According to new data from the British Columbia Real Estate Association (BCREA), as of the end of September, the Lower Mainland had had a total of 60,096 house sales in 2021.
This marks a remarkable 63 percent increase over the same time in 2020, indicating pent-up housing demand following the pandemic’s first downturn in 2020, as well as structural difficulties with housing affordability and supply in the Lower Mainland.
This includes 35,110 units sold so far in 2021 within the Real Estate Board of Greater Vancouver’s (REBGV) jurisdiction — a 63% increase from the 21,536 units in 2020. For the Fraser Valley Real Estate Board (FVREB), which includes Metro Vancouver’s eastern and southern cities of Surrey, Langley, Delta, and White Rock, a total of 21,091 units were sold this year as of the end of third quarter, which is a 67% year-over-year increase from the 12,616 units last year.
The Chilliwack Real Estate Board also saw a year-over-year growth of 56% to 3,895 units.
Low interest rates and high demand from urban dwellers seeking larger and more affordable home options on the outskirts of Metro Vancouver and the Fraser Valley propelled average home prices up by 25% year over year in both FVREB and Chilliwack, reaching averages of $798,000 and $566,000, respectively.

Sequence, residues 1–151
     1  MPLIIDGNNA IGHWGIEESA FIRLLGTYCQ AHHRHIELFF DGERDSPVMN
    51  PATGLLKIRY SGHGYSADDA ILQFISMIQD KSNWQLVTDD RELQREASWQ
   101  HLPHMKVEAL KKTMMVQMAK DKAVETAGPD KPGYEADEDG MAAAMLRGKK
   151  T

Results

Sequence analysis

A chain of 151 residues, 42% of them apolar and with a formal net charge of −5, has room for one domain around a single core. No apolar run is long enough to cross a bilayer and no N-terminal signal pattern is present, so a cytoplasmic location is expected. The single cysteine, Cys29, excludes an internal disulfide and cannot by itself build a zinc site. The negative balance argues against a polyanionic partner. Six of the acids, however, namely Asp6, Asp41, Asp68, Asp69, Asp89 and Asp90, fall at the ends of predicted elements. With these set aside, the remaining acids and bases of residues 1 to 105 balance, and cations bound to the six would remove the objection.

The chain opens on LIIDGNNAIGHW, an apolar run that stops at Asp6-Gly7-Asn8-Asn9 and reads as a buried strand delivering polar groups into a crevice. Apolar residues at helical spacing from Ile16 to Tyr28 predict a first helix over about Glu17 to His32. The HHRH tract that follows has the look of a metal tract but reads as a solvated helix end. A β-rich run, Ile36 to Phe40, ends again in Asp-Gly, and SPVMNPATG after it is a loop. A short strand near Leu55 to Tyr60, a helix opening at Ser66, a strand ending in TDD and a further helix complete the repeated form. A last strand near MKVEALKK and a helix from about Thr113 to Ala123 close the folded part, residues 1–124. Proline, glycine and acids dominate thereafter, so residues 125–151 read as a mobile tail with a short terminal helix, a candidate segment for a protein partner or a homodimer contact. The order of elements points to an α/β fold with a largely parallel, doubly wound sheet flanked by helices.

The rate of increase inside REBGV was slower, at 11.5 percent year over year, with an average of $1.055 million.
In the first nine months of this year, 99,182 homes were sold across the province, up 52 percent over the same period last year.
“Even with total demand now currently trending toward historically average levels, we estimate that the provincial market would have needed to roughly double the number of active listings available over the course of the pandemic to meet the surge in demand and keep prices flat over the period,” says the report.
“The imbalance between supply and demand was even more pronounced in regions of the province experiencing significant relocation demand. Whether due to remote work opportunities, a pandemic-induced desire for space, or accelerated retirement plans, buyers flooded into markets on Vancouver Island, the Fraser Valley and the Okanagan, overwhelming limited supply and causing significant price increases.”
The housing market’s heightened activity peaked in March 2021, when an estimated 67,000 potential buyers searched for homes across BC, despite only 24,000 listings being available at the time.
In certain months, buyers outpaced sellers in the Fraser Valley by more than seven to one, and nearly three to one across the province.
Conditions have subsequently stabilized, but supply issues continue to be a problem, driving up prices. The number of active listings in August 2021 in the four main regions ranged from 50% to 80% of the amount in January 2019 in the same region.
According to BCREA, all levels of government must work together to develop a coordinated plan that encourages municipalities to significantly enhance their new home supply targets.
In September 2021, a total of 9,164 home sales were registered across BC, a 20% decrease from the same month in 2020 but still significantly higher than the long-term average. However, the average price increased by 14% year over year to $913,471.